Oracle Corporation et al v. SAP AG et al

Filing 817

Declaration of Tharan Gregory Lanier in Support of 816 Defendants' Cross Motion for Partial Summary Judgment and Opposition to Plaintiffs' Motion for Partial Summary Judgment (FILED PURSUANT TO D.I. 810) filed by SAP AG, SAP America Inc, Tomorrownow Inc. (Attachments: # 1 Exhibit 1, # 2 Exhibit 2, # 3 Exhibit 3, # 4 Exhibit 4, # 5 Exhibit 5, # 6 Exhibit 6, # 7 Exhibit 7, # 8 Exhibit 8, # 9 Exhibit 9, # 10 Exhibit 10, # 11 Exhibit 11, # 12 Exhibit 12, # 13 Exhibit 13, # 14 Exhibit 14, # 15 Exhibit 15, # 16 Exhibit 16, # 17 Exhibit 17, # 18 Exhibit 18, # 19 Exhibit 19, # 20 Exhibit 20, # 21 Exhibit 21, # 22 Exhibit 22, # 23 Exhibit 23, # 24 Exhibit 24, # 25 Exhibit 25, # 26 Exhibit 26, # 27 Exhibit 27, # 28 Exhibit 28, # 29 Exhibit 29, # 30 Exhibit 30, # 31 Exhibit 31, # 32 Exhibit 32, # 33 Exhibit 33, # 34 Exhibit 34, # 35 Exhibit 35, # 36 Exhibit 36, # 37 Exhibit 37, # 38 Exhibit 38, # 39 Exhibit 39, # 40 Exhibit 40, # 41 Exhibit 41, # 42 Exhibit 42, # 43 Exhibit 43, # 44 Exhibit 44, # 45 Exhibit 45, # 46 Exhibit 46, # 47 Exhibit 47, # 48 Exhibit 48, # 49 Exhibit 49, # 50 Exhibit 50, # 51 Exhibit 51, # 52 Exhibit 52, # 53 Exhibit 53)(Related document(s) 810 ) (Froyd, Jane) (Filed on 8/27/2010) Modified on 8/30/2010 (vlk, COURT STAFF).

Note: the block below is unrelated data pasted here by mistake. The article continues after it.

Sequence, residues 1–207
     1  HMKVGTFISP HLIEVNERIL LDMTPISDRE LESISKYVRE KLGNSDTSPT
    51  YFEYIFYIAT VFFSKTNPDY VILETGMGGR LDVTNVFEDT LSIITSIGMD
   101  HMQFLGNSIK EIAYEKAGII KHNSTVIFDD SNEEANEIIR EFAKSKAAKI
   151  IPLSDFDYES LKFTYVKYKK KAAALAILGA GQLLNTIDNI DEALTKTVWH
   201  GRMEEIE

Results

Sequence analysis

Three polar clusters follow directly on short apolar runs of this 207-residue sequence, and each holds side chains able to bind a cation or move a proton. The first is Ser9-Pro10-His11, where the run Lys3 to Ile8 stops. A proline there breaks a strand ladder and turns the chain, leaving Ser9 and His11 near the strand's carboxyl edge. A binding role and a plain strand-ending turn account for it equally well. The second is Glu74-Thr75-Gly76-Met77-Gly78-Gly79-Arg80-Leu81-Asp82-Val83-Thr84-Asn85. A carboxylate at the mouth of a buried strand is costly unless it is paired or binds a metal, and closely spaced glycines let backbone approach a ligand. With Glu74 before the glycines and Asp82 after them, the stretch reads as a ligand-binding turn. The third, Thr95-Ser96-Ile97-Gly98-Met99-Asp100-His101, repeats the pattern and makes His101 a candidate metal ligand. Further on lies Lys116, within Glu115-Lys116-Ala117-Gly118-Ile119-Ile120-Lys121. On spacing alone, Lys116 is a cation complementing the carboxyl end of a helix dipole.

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Oracle Corporation et al v. SAP AG et al Doc. 817 Att. 41 EXHIBIT 41 Dockets.Justia.com Page 1 Not Reported in F.Supp.2d, 2006 WL 2456199 (D.Ariz.), 33 NDLR P 90 (Cite as: 2006 WL 2456199 (D.Ariz.)) United States District Court, D. Arizona. Cynthia GASTELUM, Plaintiff, v. ABBOTT LABORATORIES, Defendant. No. CV 05-645 PHX NVW. Aug. 22, 2006. Richard Moreno Martinez, Law Office of Richard M. Martinez, Tucson, AZ, for Plaintiff. Lonnie James Williams, Carrie Marie Francis, Quarles & Brady Streich Lang LLP, Phoenix, AZ, for Defendant. account of her disability, in violation of the American with Disabilities Act ("ADA"), 42 U.S.C. 12112, (2) violated the Family and Medical Leave Act ("FMLA"), 29 U.S.C. 2612, (3) discriminated against her on account of her race, 42 U.S.C. 1981, and (4) retaliated against her for engaging in protected activity. Gastelum has since agreed to dismiss her racediscrimination claim. Abbott now seeks summary judgment on her remaining claims of disability discrimination, FMLA violations, and retaliation. I. Legal Standard For Summary Judgment Rule 56 of the Federal Rules of Civil Procedure provides that summary judgment is proper when "the pleadings, depositions, answers to interrogatories, and admissions on file, together with affidavits, if any, show that there is no genuine issue as to any material fact and that the moving party is entitled to a judgment as a matter of law." Fed.R.Civ.P. 56(c). The Court must evaluate a party's motion for summary judgment construing the alleged facts with all reasonable inferences favoring the nonmoving party. See Baldwin v. Trailer Inns, Inc., 266 F.3d 1104, 1117 (9th Cir.2001). The evidence presented by the parties must be admissible. Fed.R.Civ.P. 56(e). Conclusory and speculative testimony in affidavits and moving papers is insufficient to raise genuine issues of fact and to defeat summary judgment. Thornhill Publ'g Co., Inc. v. GTE Corp., 594 F.2d 730, 738 (9th Cir.1979). The party seeking summary judgment bears the initial burden of informing the court of the basis for its motion and identifying those portions of the pleadings, depositions, answers to interrogatories, and admissions on file, together with the affidavits, if any, which it believes demonstrate the absence of any genuine issue of material fact. See Celotex Corp. v. Catrett, 477 U.S. 317, 323 (1986). Where the moving party has met its initial burden with a ORDER NEIL V. WAKE, District Judge. *1 The court has before it Defendant's Motion for Summary Judgment, Doc. # 57, and accompanying Statement of Facts, Doc. # 58; Plaintiff's Opposition Brief, Doc. # 60, and accompanying Statement of Facts, Doc. # 59; and Defendant's Reply, Doc. # FN1 62. Having studied the briefs, the statements of facts, and the evidence, the court concludes that oral argument on the motion is not likely to assist the court. Therefore, the August 31, 2006 oral argument will be vacated. FN1. Defendant's Reply is in violation of LRCiv 7.1(b)(1), which requires documents in proportional font to be "no smaller than 13 point." There is no exception for footnotes. On February 28, 2005, Plaintiff Cynthia Gastelum ("Gastelum") filed an initial complaint in this court. On November 17, 2005, Gastelum filed an amended complaint, alleging that Defendant Abbott Laboratories ("Abbott") (1) discriminated against her on 2010 Thomson Reuters. No Claim to Orig. US Gov. Works. Page 2 Not Reported in F.Supp.2d, 2006 WL 2456199 (D.Ariz.), 33 NDLR P 90 (Cite as: 2006 WL 2456199 (D.Ariz.)) properly supported motion, the party opposing the motion "may not rest upon the mere allegations or denials of his pleading, but ... must set forth specific facts showing that there is a genuine issue for trial." Anderson v. Liberty Lobby, Inc., 477 U.S. 242, 248 (1985). Summary judgment is appropriate against a party who "fails to make a showing sufficient to establish the existence of an element essential to that party's case, and on which that party will bear the burden of proof at trial ." Celotex Corp., 477 U.S. at 322. See also Citadel Holding Corp. v. Roven, 26 F.3d 960, 964 (9th Cir.1994). Summary judgment is not appropriate when the nonmoving party submits evidence from which a reasonable juror, drawing all inferences in favor of the nonmoving party, could return a verdict in the nonmoving party's favor. United States v. Shumway, 199 F.3d 1093, 1103-04 (9th Cir.1999). Although the initial burden is on the movant to show the absence of a genuine issue of material fact, this burden may be discharged by indicating to the Court that there is an absence of evidence to support the nonmoving party's claims. See Singletary v. Pennsylvania Dep't of Corr., 266 F.3d 186, 193 n. 2 (3d Cir.2001). II. Evidentiary Issues *2 Before addressing the merits of the parties' claims, it is important to emphasize that, at the summary judgment stage, the court may only consider evidence that is admissible. Abbott challenges the admissibility of a number of Gastelum's exhibits. Gastelum does not identify any facts in Abbott's Statement of Facts that she believes are incorrect or in dispute. Instead, she provides her own Statement of Facts. Although thirty-seven exhibits accompany Gastelum's Statement of Facts, she makes reference to only a handful of these exhibits in the body of the Statement of Facts. The body contains no reference to Exhibit 3 or Exhibits 8-37. (These exhibits are merely identified at the end of the document, and not tied to any specific factual allegations.) "[R]equiring the district court to search the entire record, even though the adverse party's response does not set out the specific facts or disclose where in the record the evidence for them can be found, is unfair." Carmen v. S.F. Unified Sch. Dist., 237 F.3d 1026, 1031 (9th Cir .2001). Therefore, Gastelum's Exhibits 3 and 8-37 will not be considered with this FN2 motion. FN2. Gastelum's opposition brief is also deficient for failure to comply with Local Rule 56(c)(2), which provides that "[a]ny party seeking summary judgment shall set forth, separately from the memorandum of law, the specific facts relied upon in the memorandum in support of the motion. The facts shall be stated in concise, numbered paragraphs. As to each fact, the statement shall refer to the specific portion of the record where the fact may be found. Any party opposing summary judgment shall file a statement in the form prescribed by this Rule, specifying those paragraphs in the moving party's statement of facts which are disputed, and also setting forth those facts which establish a genuine issue of material fact or otherwise preclude summary judgment in favor of the moving party." Gastelum makes no effort to link the claims in her opposition brief to the factual allegations contained in her Statement of Facts. The opposition brief simply refers to Exhibit 3 and then contains nearly three pages of bullet-point facts and legal conclusions-including statements made by other people, raising hearsay questionswithout providing page numbers or any identifying information. Doc. # 60 at 3-5. This was insufficient to allow Abbott any meaningful opportunity to respond in its reply brief. Defendants also challenge the admissibility of Exhibits 4, 5, 6, and 7. Pursuant to the parties' case management order, the parties had from November 3, 2005, until May 31, 2006, to complete discovery. 2010 Thomson Reuters. No Claim to Orig. US Gov. Works. Page 3 Not Reported in F.Supp.2d, 2006 WL 2456199 (D.Ariz.), 33 NDLR P 90 (Cite as: 2006 WL 2456199 (D.Ariz.)) For the first six months, Gastelum did nothing. On April 24, 2006, Gastelum provided her initial disclosure, even though, according to the parties' case management order, Gastelum purportedly provided her initial disclosure to Abbot before November 3, 2005. On May 2, 2006, Gastelum supplemented her initial disclosure. Abbott moved for sanctions pursuant to Rule 37(c) of the Federal Rules of Civil Procedure, which the court granted on June 2, 2006. Doc. # 56. That rule provides in part, "A party that without substantial justification fails to disclose information required by Rule 26(a) ... is not, unless such failure is harmless, permitted to use as evidence at a trial, at a hearing, or on a motion any witness or information not so disclosed." Fed.R.Civ.P. 37(c)(1). See also United States for Use and Benefit of Wiltec Guam, Inc. v. Kahaluu Constr. Co., Inc., 857 F.2d 600, 602 (9th Cir.1988) ("Rule 37(b)(2) of the Federal Rules of Civil Procedure authorizes sanctions against a party who `fails to obey an order to provide or permit discovery' or who `fails to obey an order entered under Rule 26(f)'-that is, a discovery scheduling order.") (citing Fed.R.Civ.P. 37(b)(2)). The court found that Gastelum's failure to provide a timely disclosure of the witnesses and documents she intended to use was knowing and intentional and resulted in substantial harm to Abbott. The court held that Gastelum was precluded from offering testimony from the twenty-three named witnesses in Gastelum's belated disclosure, including the testimony of John Jacobs, Sergio Martinez, and Jeffrey Toulson. The court also held that Gastelum was precluded from offering as evidence the documents listed in her disclosure statement unless Abbott had disclosed those same documents. *3 Exhibits 4, 5, 6, and 7 are out-of-court investigative interviews conducted by the Arizona Civil Rights Division of John Jacobs (Exhibit # 4), Sergio Martinez (Exhibit # 5), Grace Steele (Exhibit # 6), and Jeffrey Toulson (Exhibit # 7). Gastelum has attempted to circumvent the court's sanction-which held that these witnesses could not be deposed because of untimely disclosure-by submitting interview transcripts. These exhibits are not admissible. First, in its June 2, 2006 Order, the court held that Gastelum could not submit documents as evidence unless Abbott had disclosed the documents. Abbott did disclose Exhibits 4, 6 and 7 to Gastelum. But none of these exhibits are properly authenticated pursuant to Rule 901 of the Federal Rules of Evidence. Exhibits 4, 6, and 7 do not include the reporter's certification that the transcript is a true record of the testimony of the witness. See Orr v. Bank of Am., 285 F.3d 764, 774 (9th Cir.2002) ("A deposition or an extract therefrom is authenticated in a motion for summary judgment when it identifies the names of the deponent and the action and includes the reporter's certification that the deposition is a true record of the testimony of the deponent."). Exhibit 5 does not contain a certification that the witness was sworn by the reporter, as required by Rule 30(f) of the Federal Rules of Civil Procedure. Gastelum makes no effort, in her opposition brief or Statement of Facts, to explain why the interview transcripts should be admissible. Therefore, the four exhibits are not admissible. In sum, Gastelum's affidavit and deposition-Exhibit 1 and 2-are admissible and will be considered in deciding this motion. III. Background Gastelum began working at Abbott on January 13, 1986. Gastelum worked at a plant in Casa Grande, Arizona that manufactures infant formula and other nutritional liquids. Between October 1995 and April 5, 2004, Gastelum worked as a Manufacturing Coordinator, which required that she collect statistical data and prepare reports regarding the data to ensure the quality of Abbott's nutritional products. Defendant's Statement of Facts ("DSOF" at 1). In 1989, Gastelum was diagnosed with Lupus, and in 1995 Gastelum was diagnosed with fibromyalgia . Plaintiff Statement of Facts ("PSOF") at 1. 2010 Thomson Reuters. No Claim to Orig. US Gov. Works. Page 4 Not Reported in F.Supp.2d, 2006 WL 2456199 (D.Ariz.), 33 NDLR P 90 (Cite as: 2006 WL 2456199 (D.Ariz.)) Gastelum also suffers from Hyper/Hypothyroid-Thyroid gland dysfunction. PSOF at 1. Since 1995, Gastelum's medical conditions have caused chronic fatigue and pain in her arms and legs. PSOF at 4. In December 2001, Gastelum applied for the position of Powder Supervisor Trainee. DSOF at 6. Gastelum met the qualifications for the position and was interviewed. However, she was not selected for the position. Kristin Losey, the other applicant who was qualified for the position, interviewed for the position and was selected. DSOF at 2. Gastelum filed a Charge of Discrimination with the Arizona Civil Rights Division on September 10, 2002, alleging that she was not selected for the position because of her medical conditions. DSOF at 3. On December 2, 2002, Gastelum filed a second Charge of Discrimination with the Arizona Civil Rights Division, alleging that she was retaliated against because of her September 10, 2002 filing. DSOF at 5. The Civil Rights Division dismissed both charges, and Gastelum received right to sue notices for both charges. *4 On February 22, 2003, Gastelum requested a flexible schedule that would allow her to complete her forty hours at any time during the week. DSOF FN3 at 8. In her written request, Gastelum stated that the flexible schedule would help keep her attendance in good standing and enable her to attend doctor appointments and work around her illness. Prior to her request, Gastelum was expected to work Monday through Friday between 8:00 a.m. and 4:30 p.m. DSOF at 11. In response to her request, Gastelum and her supervisor, Grace Steele ("Steele"), reached the following agreement: on Monday, Tuesday, and Wednesday, Gastelum was required to work from 9:00 a.m. to 2:00 p.m. and could work the remaining 2.5 hours either before 9:00 a.m. or after 2:00 p.m.; on Thursday and Friday, she could work at any time during the day. DSOF at 9-10. In the agreement, Steele made clear that Gastelum was not receiving the flexible schedule to accommodate an illness. This was be- cause Gastelum had not submitted any medical documentation establishing that she was restricted in any way from working her normal schedule. DSOF at 12. FN3. Gastelum alleges that she was allowed to work on a flexible schedule until she was assigned to Steele. PSOF at 8. This is addressed is the discussion of her ADA claim. IV. Analysis In her opposition brief, Gastelum asserts: (1) a disparate treatment claim, arguing that Abbott violated the ADA by not promoting her because of her disability and failing to accommodate her; (2) that Abbott retaliated against her for filing claims with the Arizona Civil Rights Division; (3) that Abbott violated the FMLA; (4) that Abbott created a hostile environment; and (5) that Abbott constructively discharged her. Abbott argues that it is entitled to summary judgment on all five claims. A. Disparate Treatment Claim The ADA prohibits employers from discriminating "against a qualified individual because of the disability of such individual." 42 U.S.C. 12112(a). To establish a prima facie case under the ADA, a plaintiff must demonstrate that (1) her condition qualifies as a disability within the meaning of the ADA, (2) she is qualified to perform the essential functions of her position with or without reasonable accommodation, and (3) she has suffered an adverse employment action because of disability. Humphrey v. Mem'l Hosps. Ass'n, 239 F.3d 1128, 1133 (9th Cir.2001). Abbott argues that Gastelum cannot demonstrate (1) that she is disabled within the meaning of the ADA, (2) that she can perform the functions of her job with or without a reasonable accommodation, 2010 Thomson Reuters. No Claim to Orig. US Gov. Works. Page 5 Not Reported in F.Supp.2d, 2006 WL 2456199 (D.Ariz.), 33 NDLR P 90 (Cite as: 2006 WL 2456199 (D.Ariz.)) and (3) that even if she can establish a prima facie case, Abbott had a legitimate, nondiscriminatory reason for its decision not to promote Gastelum. 1. Disabled Under the ADA as Gastelum does not dispute-then it follows that an individual who requires a flexible schedule is not qualified to perform it. Gastelum therefore has not established a prima facie case under the ADA. 2. Adverse Employment Action A "disabled" employee under the ADA is one who: (1) has a "physical or mental impairment that substantially limits one or more of the major life activities of such individual"; (2) has a "record of such an impairment"; or (3) is "regarded as having such an impairment." 42 U.S.C. 12102(2). A plaintiff bears the burden of proving that she is disabled within the meaning of the ADA. Thornton v. McClatchy Newspapers, Inc., 261 F.3d 789, 794 (9th Cir.2001). Disability is determined on a caseby-case basis. Albertson's Inc. v. Kirkingburg, 527 U.S. 555, 566 (1999). *5 Here, even assuming arguendo that Gastelum is disabled, there are independent reasons why Abbott should be granted summary judgment on Gastelum's ADA claim. Therefore, the court will not reach the issue of whether Gastelum is disabled within the meaning of the ADA. 2. Qualified to Perform the Essential Functions With or Without Reasonable Accommodation The second element necessary to establish a prima facie case under the ADA is that the plaintiff is qualified to perform the essential functions of her position with or without reasonable accommodation. Humphrey, 239 F.3d at 1133. Abbott submitted evidence establishing that one of the essential functions of a Manufacturing Coordinator is that the employee work a set schedule. DSOF at 19. Gastelum does not dispute this fact. Rather, Gastelum conclusorily states in her brief that she is qualified to perform all essential functions of her position if she is able to have an entirely flexible schedule. (Doc. # 60 at 14:10-11). Gastelum's position is essentially non-responsive. If an essential function of a Manufacturing Coordinator is the ability to work a set schedule-as Abbott contends, and In order to establish a prima facie case under the ADA, Gastelum must also establish that she suffered an adverse employment action because of her disability. Although Gastelum provides a lengthy list of allegedly adverse employment actions in the section of her brief dedicated to whether Abbott retaliated against her-"denying continued accommodation, transfer, repeated challenges to FMLA, termination, discipline and denial of promotion"-Gastelum does not explain which of these adverse actions resulted from discrimination because of her disability. The only adverse employment actions discussed in conjunction with her ADA claim were Abbott's decisions (1) not to promote her to Powder Supervisor Trainee, (2) not to promote her to other positions, and (3) to end her flexible schedule. These will be addressed below. 4. Legitimate, Nondiscriminatory Reason Assuming that Gastelum has made out a prima facie case, the burden of production, but not persuasion, shifts to Abbott to articulate some legitimate, nondiscriminatory reason for the challenged action. Ratheon Co. v. Hernandez, 540 U.S. 44, 50 (2003) (applying McDonnell Douglas's burden-shifting approach to an ADA disparate treatment claim). If Abbott does so, Gastelum "must show that the articulated reason is pretextual either directly by persuading the court that a discriminatory reason more likely motivated the employer or indirectly by showing that the employer's proffered explanation is unworthy of credence." Chuang v. Univ. of Ca. Davis, 225 F.3d 1115, 1124 (9th Cir.2000) (citations and internal quotation marks omitted). a. Powder Supervisor Trainee 2010 Thomson Reuters. No Claim to Orig. US Gov. Works. Page 6 Not Reported in F.Supp.2d, 2006 WL 2456199 (D.Ariz.), 33 NDLR P 90 (Cite as: 2006 WL 2456199 (D.Ariz.)) *6 As its legitimate, nondiscriminatory reason for denying Gastelum's promotion request, Abbott submitted evidence that Losey was more qualified than Gastelum for the position of Powder Supervisor Trainee. DSOF at 2 (Harger affidavit, explaining that Losey had worked with the Powder Operations Department before and that Losey's "experience in the processing department is similar to the powder operations department in that both departments have similar technical elements including control systems, fluid processing, heat treatments, and tanks."). In her affidavit, Harger also stated that "[t]hese technical elements are not present in the filling and packaging department where Ms. Gastelum acquired her manufacturing experience, thus making Ms. Losey's experience more relevant." Doc. # 58, Exhibit 2. Abbott has therefore submitted evidence of a legitimate, nondiscriminatory reason for its decision to select Losey for the position of Powder Supervisor Trainee. Gastelum, in turn, must demonstrate that Abbott's proffered reason is pretextual. While in some cases a plaintiff's prima facie case is sufficiently strong to create a triable dispute, see Chuang, 225 F.3d at 1127 (stating "a disparate treatment plaintiff can survive summary judgment without producing any evidence of discrimination beyond that constituting his prima facie case, if that evidence raises a genuine issue of material fact regarding the truth of the employer's proffered reason" (citations and internal quotation marks omitted)), such facts are not present here. "[A] plaintiff can prove pretext in two ways: (1) indirectly, by showing that the employer's proffered explanation is `unworthy of credence' because it is internally inconsistent or otherwise not believable, or (2) directly, by showing that unlawful discrimination more likely motivated the employer." Chuang, 225 F.3d at 1127 (citations and internal quotation marks omitted). In her Statement of Facts, Gastelum provides that her "qualifications for promotion were superior to those of Kristen Losey, she had more years of experience and was better qualified due to specific as- signments at Abbott laboratories." PSOF at 10 (referring to Gastelum's deposition). However, from Gastelum's deposition, it is clear that when Abbott determines who to select for a position, it considers each applicant's resume, personnel file, interviews, and comments of the people involved in the process. Doc. # 59, Exhibit # 2 at 54:7-12. Gastelum does not argue that Abbott has mischaracterized Losey's qualifications; rather, she argues that her background was stronger. This is a subjective conclusion that does not establish pretext, nor does it establish that Abbott's position that Losey was more qualified is "unworthy of credence or otherwise unbelievable." While it may be a disputed fact whether Losey or Gastelum was more qualified for the position based on their resumes and past experience, this alone does not suggest pretext under the circumstances. Both women were deemed "qualified" and interviewed and evaluated for the position. *7 In short, Gastelum has not submitted any admissible evidence from which a reasonable juror could infer that Abbott decided to not promote Gastelum because of her disability. b. Other Supervisory Positions Gastelum vaguely refers to another supervisor position for which she was not selected: "The May, 2002 supervisor position was not advertised and Ms. Gastelum was not considered for the position." PSOF at 11. However, Gastelum does not provide any facts demonstrating that she was not considered for this position because of her disability. Without more specific facts and relevant authority, Gastelum does not establish that Abbott failed to consider Gastelum for this position because of Gastelum's medical conditions. c. Terminated Gastelum's Reasonable Accommodation To the extent Gastelum argues that she had an entirely flexible schedule before Steele became her 2010 Thomson Reuters. No Claim to Orig. US Gov. Works. Page 7 Not Reported in F.Supp.2d, 2006 WL 2456199 (D.Ariz.), 33 NDLR P 90 (Cite as: 2006 WL 2456199 (D.Ariz.)) supervisor and that Abbott improperly terminated this flexible schedule, this argument fails for want of evidentiary support. Even assuming that Gastelum had such a schedule from 1995 to 2002-which Abbott disputes-Gastelum has not submitted any evidence showing that she received this schedule because of a medical accommodation. In her deposition, Gastelum stated that she never filed a written request for a flexible schedule before March 2003. DSOF at 14. 5. Reasonable Accommodation Claim Even assuming that Gastelum is disabled under the ADA, Gastelum has failed to establish that Abbott did not reasonably accommodate her disability. Under the ADA, employers must make "reasonable accommodations to the known physical or mental limitations of an otherwise qualified individual with a disability who is an applicant or employee, unless such covered entity can demonstrate that the accommodation would impose an undue hardship on the operation of the business of such covered entity." 42 U.S.C. 12112(b)(5). Courts "recognize [ ] the need for parties to engage in a good-faith interactive process to arrive at a reasonable accommodation." Snead v. Metro. Prop. & Cas. Ins. Co., 237 F.3d 1080, 1096 (9th Cir.2001). "[T]he interactive process is triggered either by a request for accommodation by a disabled employee or by the employer's recognition of the need for such an accommodation." Id. (citations and internal quotation marks omitted). Here, assuming that Gastelum is disabled, she did not at any time inform Abbott of the limitations of her illness. "It is insufficient for individuals attempting to prove disability status under this test to merely submit evidence of a medical diagnosis of an impairment." Toyota Motor Mfg., KY, Inc., 534 F.3d 184, 198 (2002). The only evidence in the record providing any notice to Abbott of Gastelum's limitations is Gastelum's request to Steele for a flexible schedule. In that letter, Gastelum wrote: Grace, I would like to be able to work a flexible schedule. I have worked a flexible schedule for the last 6 years. The flexible schedule has helped to keep my attendance at good standing. I was able to work around my illness and Dr. appointments and still worked my 40 hrs. a week. *8 My current job responsibilities don't require me to be in the plant at specific times. I can complete my responsibilities at any hour. I have been doing very well lately controlling flare ups with my illness, but there are still some morning that are difficult for me to get around. FN4 FN4. All grammatical mistakes are transcribed without alteration. Doc. # 58, Exhibit 5. At most, this letter informed Steele that Gastelum had an undisclosed "illness" and that Gastelum sometimes had medical appointments. Gastelum did not submit doctors' notes or diagnoses explaining the limitations caused by her illness. An employer's knowledge of medical limitations is highly relevant in determining whether the employer provided a "reasonable accommodation." See Gammage v. West Jasper Sch. Bd. of Educ., 179 F.3d 952, 955 (5th Cir.1999) ("[T]he ADA does not require an employer to assume that an employee with a disability suffers from a limitation; as a result, it is incumbent upon the ADA plaintiff to assert not only a disability, but also any limitation resulting therefrom." (citation omitted)). In response to her request for a flexible schedule, Steele and Gastelum agreed to a schedule whereby Gastelum worked from 9:00 a.m. to 2:00 p.m. on Monday, Tuesday, and Wednesday with an additional 2.5 hours either before 9:00 a.m. or after 2:00 pm., and worked the remainder of the forty hours at any point during the week. Steele's accompanying memorandum explicitly provided that the accommodation was not a medical accommodation, and explained that Gastelum had been informed that, in 2010 Thomson Reuters. No Claim to Orig. US Gov. Works. Page 8 Not Reported in F.Supp.2d, 2006 WL 2456199 (D.Ariz.), 33 NDLR P 90 (Cite as: 2006 WL 2456199 (D.Ariz.)) order to receive medical accommodation, she needed to submit medical documentation to the Plant Nurse. Gastelum never submitted any additional medical documentation. Therefore, Gastelum did not participate in the "interactive process" and has not introduced any additional evidence that Abbott failed to provide reasonable accommodation. B. Retaliation Claim Gastelum argues that she was retaliated against because she filed claims in September 2002 and December 2002 with the Arizona Civil Rights Division. To establish a prima facie case under the ADA, a plaintiff must establish that (1) she engaged in a protected activity; (2) she suffered an adverse employment action; and (3) a causal link exists between the protected activity and the employment decision. Pardi v. Kaiser Permanente Hosp., Inc., 389 F.3d 840, 849 (9th Cir.2004). Abbott argues that Gastelum did not suffer any adverse employment action after filing her first claim in September FN5 2002. FN5. In her brief, Gastelum asserts that she told Human Resources that she planned to file a claim with the Arizona Civil Rights Division on June 10, 2002; however, the statement in her Statement of Facts provides that she told Human Resources about her intent to file a claim on September 10, 2002. Therefore, the court will treat the relevant date of the filing and notice of her intent to file a claim with the Arizona Civil Rights Division as September 10, 2002. In her opposition brief, Gastelum asserts that the prohibited conduct in which Abbott engaged included "denying continued accommodation or modification of accommodation, transfer, repeated challenges to FMLA, termination, discipline and denial of promotion." Doc. # 60 at 12:7-9. Gastelum then cites several cases for the proposition that causation may be established solely by the timing of the relevant employer action. Doc. # 60 at 12:18-27. However, Abbott does not in her brief or in her Statement of Facts provide dates for when Abbott engaged in this allegedly prohibited conduct. There is no date for when Steele became her supervisor and allegedly "modified" her accommodation. The record is entirely silent as to when Gastelum was "transferred." No dates are given for when her FMLA requests were challenged. Moreover, her "termination" occurred on April 5, 2004, which is not so close in time as to establish a causal link with her filing of the September 2002 and December 2002 claims with the Arizona Civil Rights Division. And as discussed above, Gastelum applied for a promotion in December 2001, so her failure to receive this position could not have resulted retaliation for her filing of claims with the Arizona Civil Rights Division in September 2002 and December 2002. *9 Gastelum provides neither reasoned analysis nor evidence from which a reasonable juror could infer that she was retaliated against. C. FMLA Violations In her amended complaint, Gastelum alleged that Abbott violated the FMLA. However, she alleged no supporting facts. Abbott challenges Gastelum's FMLA claim on three grounds: (1) she failed to disclose her FMLA claim in her answers to Abbott's interrogatories, (2) she did not identify what conduct violated the FMLA, and (3) the statute of limitations bars Gastelum's claim. Gastelum responds in her Statement of Facts as follows: "While on FMLA, Gastelum's symptoms and paperwork were challenged, making it difficult to utilize her leave." PSOF at 3. Gastelum does not refer to the FMLA elsewhere in her Statement of Facts. In her opposition brief, Gastelum uses sweeping language to state that Abbott violated the FMLA: 29 U.S.C. 2614(a)(1) and 2617(a)(2) 2010 Thomson Reuters. No Claim to Orig. US Gov. Works. Page 9 Not Reported in F.Supp.2d, 2006 WL 2456199 (D.Ariz.), 33 NDLR P 90 (Cite as: 2006 WL 2456199 (D.Ariz.)) provide employees a right to recover damages and equitable relief when an employer interferes, restrains or denies guaranteed by the Act. The evidence presented here demonstrates a pattern of conduct that interfered, restrained and punished Ms. Gastelum for exercising her right to leave under the FMLA. Transfer, denial of promotion, discipline and continuous harassment were all related to request for and actual FMLA leave. In this instance, Ms. Gastelum's disability and her FMLA leave are inextricably intertwined result is violations of two federal Acts. Doc. # 60 at 17:10-17. At the summary judgment stage, a non-moving party with the burden of proof must submit evidence to support an essential material fact. However, other than providing conclusory statements of FMLA "violations," Gastelum has failed to address Abbott's three reasons for why summary judgment should be granted. Conclusory statements in affidavits or in moving papers are insufficient to establish a disputed, material fact. Thornhill Pub. Co., 594 F.2d at 738. D. Hostile Environment Claim In her opposition brief, Gastelum presents a hostile environment claim. This claim does not survive summary judgment for several reasons. First, Gastelum did not present a hostile environment claim in her First Amended Complaint. Second, Gastelum did not identify a hostile environment claim in her case management report. Third, in her opposition brief, Gastelum does not cite any authority discussing hostile environment claims under the ADA, which presumably provides the basis for Gastelum's claim. Fourth, the only facts that Gastelum discusses are conclusory: "Both the nature of the treatment and the sustained period over which it occurred establish the discriminatory environment Ms. Gastelum was forced to work in. Her supervisors and co-workers all interacted with her as an inferior and dishonest individual. Their decisions concerning her permeated with bias that was resulted in continued harassment and sanctions." Doc. # 60 at 16:4-8. Fifth, Gastelum does not cite or identify any evidence to support her contentions. D. Constructive Discharge *10 Summary judgment is appropriate on Gastelum's constructive discharge claim for two reasons. First, a plaintiff's failure to exhaust administrative remedies deprives the court of subject matter jurisdiction. EEOC v. Farmer Bros. Co., 31 F.3d 891, 899 (9th Cir.1994). Abbott argues that Gastelum cannot argue that she was constructively discharged because she failed to exhaust that claim with the EEOC. Gastelum filed her claims with the Arizona Civil Rights Division in September and December of 2002. In her September claim, she asserted that she was not promoted because of her disability. In her December claim, she asserted that she was retaliated against because of her initial filing. She did not at any point supplement her claim or inform the Arizona Civil Rights Division that she had since been constructively discharged. Gastelum's constructive discharge claim is not "like or reasonably related to the allegations contained" in her September and December 2002 claims with the Arizona Civil Rights Division. See Green v. Los Angeles County Superintendent of Schools, 883 F.2d 1472, 1475-76 (9th Cir1989) (stating that plaintiff's "claim that LACOE discriminatorily denied her medical leave and benefits, disseminated poor recommendations, and discharged her are not related to her claims that she was sexually harassed and denied relocation and training"). Second, even if exhaustion were satisfied, the claim lacks evidentiary support. Gastelum's opposition brief does not cite or identify any admissible evidence supporting her conclusory assertion that she was constructively discharged because of her disability. See Doc. # 59; see also Humphrey, 239 F.3d 2010 Thomson Reuters. No Claim to Orig. US Gov. Works. Page 10 Not Reported in F.Supp.2d, 2006 WL 2456199 (D.Ariz.), 33 NDLR P 90 (Cite as: 2006 WL 2456199 (D.Ariz.)) at 1133 ("To prevail on a claim of unlawful discharge under the ADA, the plaintiff must establish that he is a qualified individual with a disability and that the employer terminated him because of his disability."). V. Conclusion Abbott is granted summary judgment on all of Gastelum's claims. IT IS THEREFORE ORDERED that Defendants' Motion for Summary Judgment, Doc. # 57, is granted. IT IS FURTHER ORDERED that the clerk enter judgment in favor of Defendant and that Plaintiff Gastelum take nothing on her complaint, and the Clerk is directed to terminate this action. D.Ariz.,2006. Gastelum v. Abbott Laboratories Not Reported in F.Supp.2d, 2006 WL 2456199 (D.Ariz.), 33 NDLR P 90 END OF DOCUMENT 2010 Thomson Reuters. No Claim to Orig. US Gov. Works.